Views : 509
The Sea Road: Julian Richards investigates the impact of the Vikings in Britain. This edition focuses on the archaeological trail left by the Vikings as they travelled from Norway along the sea road to Dublin. Settlements, a boat burial and evidence of trading have been discovered on the Scottish isles, and silver hoards found in Ireland suggest that Dublin was not only wealthy and important, but also a centre for trade in slaves.
Added date: 26-11-2012 - Duration: 0:47:12

silichip
Views : 458
Rulers: Julian Richards recalls how, after years of raiding, England's resistance was so weakened that, in the early 11th century, the Vikings were finally able to seize the throne. In other parts of the British Isles however, they gained and maintained power by integration.
Added date: 26-11-2012 - Duration: 0:46:59

silichip
Views : 472
Last Of The Vikings: In the last of the series, Julian Richards uncovers new information from the battle in 1066 between Viking warlord Harald Hardrada and King Harold of England that marked the end of the Viking age in Britain. Results from a nationwide genetic survey show where in Britain the Vikings left a measurable contribution.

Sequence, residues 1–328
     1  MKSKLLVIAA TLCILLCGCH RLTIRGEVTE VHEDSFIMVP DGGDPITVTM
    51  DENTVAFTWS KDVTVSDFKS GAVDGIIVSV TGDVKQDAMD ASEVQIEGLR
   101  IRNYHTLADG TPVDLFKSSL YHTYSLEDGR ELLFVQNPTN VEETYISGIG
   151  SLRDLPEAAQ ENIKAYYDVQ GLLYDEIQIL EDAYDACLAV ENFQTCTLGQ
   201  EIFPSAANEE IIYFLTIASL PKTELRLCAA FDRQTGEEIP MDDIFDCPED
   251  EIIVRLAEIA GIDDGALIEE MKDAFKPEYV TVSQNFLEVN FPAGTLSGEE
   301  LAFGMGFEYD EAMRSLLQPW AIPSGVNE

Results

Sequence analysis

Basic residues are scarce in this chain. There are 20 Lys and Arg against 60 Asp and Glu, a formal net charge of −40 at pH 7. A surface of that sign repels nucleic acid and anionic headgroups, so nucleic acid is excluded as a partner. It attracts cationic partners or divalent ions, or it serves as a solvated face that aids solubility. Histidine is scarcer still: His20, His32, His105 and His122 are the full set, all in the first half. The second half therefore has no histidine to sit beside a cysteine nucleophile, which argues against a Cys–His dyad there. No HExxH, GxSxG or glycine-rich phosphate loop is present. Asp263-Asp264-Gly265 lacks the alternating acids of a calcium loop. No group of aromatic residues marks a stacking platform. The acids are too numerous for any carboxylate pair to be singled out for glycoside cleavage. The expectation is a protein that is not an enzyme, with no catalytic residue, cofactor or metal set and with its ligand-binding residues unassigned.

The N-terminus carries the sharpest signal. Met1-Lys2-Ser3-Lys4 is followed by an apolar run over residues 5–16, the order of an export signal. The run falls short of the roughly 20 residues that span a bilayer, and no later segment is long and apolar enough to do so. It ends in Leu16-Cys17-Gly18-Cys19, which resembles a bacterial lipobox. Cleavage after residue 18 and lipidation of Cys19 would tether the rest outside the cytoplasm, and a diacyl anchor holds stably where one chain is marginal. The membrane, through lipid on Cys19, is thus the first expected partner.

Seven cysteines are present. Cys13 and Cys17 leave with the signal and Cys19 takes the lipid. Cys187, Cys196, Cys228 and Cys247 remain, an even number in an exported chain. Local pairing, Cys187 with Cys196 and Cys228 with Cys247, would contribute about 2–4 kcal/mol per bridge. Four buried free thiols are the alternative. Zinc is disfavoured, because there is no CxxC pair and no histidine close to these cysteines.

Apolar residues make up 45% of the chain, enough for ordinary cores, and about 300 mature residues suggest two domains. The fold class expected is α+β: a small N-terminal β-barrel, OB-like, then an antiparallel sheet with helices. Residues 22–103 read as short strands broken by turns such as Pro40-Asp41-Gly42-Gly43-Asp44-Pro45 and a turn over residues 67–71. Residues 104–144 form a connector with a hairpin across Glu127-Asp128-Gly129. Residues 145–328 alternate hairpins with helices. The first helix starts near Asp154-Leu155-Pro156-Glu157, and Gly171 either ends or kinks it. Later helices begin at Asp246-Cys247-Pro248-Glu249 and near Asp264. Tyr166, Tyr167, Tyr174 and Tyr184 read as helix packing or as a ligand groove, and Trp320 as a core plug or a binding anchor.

Added date: 26-11-2012 - Duration: 0:46:57

silichip
Views : 476
Professor Fekri Hassan attempts to determine why the Egyptian Old Kingdom, the civilisation of the great pyramids, collapsed around 2200 BC. Can science show that terrible forces of nature were to blame - even driving people to cannibalism? Clues come from the remote deserts of southern Egypt, the glaciers of Iceland and a dramatic and unique archaeological find in the Nile delta.
Added date: 15-11-2012 - Duration: 0:49:00

silichip
Views : 676
A look at how the Minoan civilisation, situated on the Mediterranean island of Crete, was wiped out 3,500 years ago by one of the biggest volcanic eruptions since the Ice Age on the nearby island of Thira. 21st century science reveals the horror the volcano unleashed.
Added date: 15-11-2012 - Duration: 0:49:06

silichip
Views : 601
In the ninth century AD, the great Maya civilisation in Central America and southern Mexico all but disappeared. Millions died and great cities were abandoned to the jungle. Why this happened was a mystery, until science started unlocking the secrets of the past to reveal the brutality of nature. {Click on the original video page to see the youtube video playlist}
Added date: 15-11-2012 - Duration: 0:10:01

silichip
Views : 514
Did you know that beer was critical to the birth of civilization? Or that it played a crucial role in the building of the pyramids, the founding of America, the Industrial Revolution and advancements in medicine? That's right - beer. Scientists and historians line up to tell the amazing, untold story that puts beer at the center of the human civilization. Until almost modern times, it wasn't just a drink-beer was vital to life. Where water contained deadly bacteria, beer was safe, as the fermentation killed the germs. It was drunk by men, women and children for a large period of time, and inspired great moments in human history. Beer was vital to the birth of America from the moment the Mayflower stopped in Plymouth - find out why!
Added date: 11-11-2012 - Duration: 0:43:41

silichip
Views : 545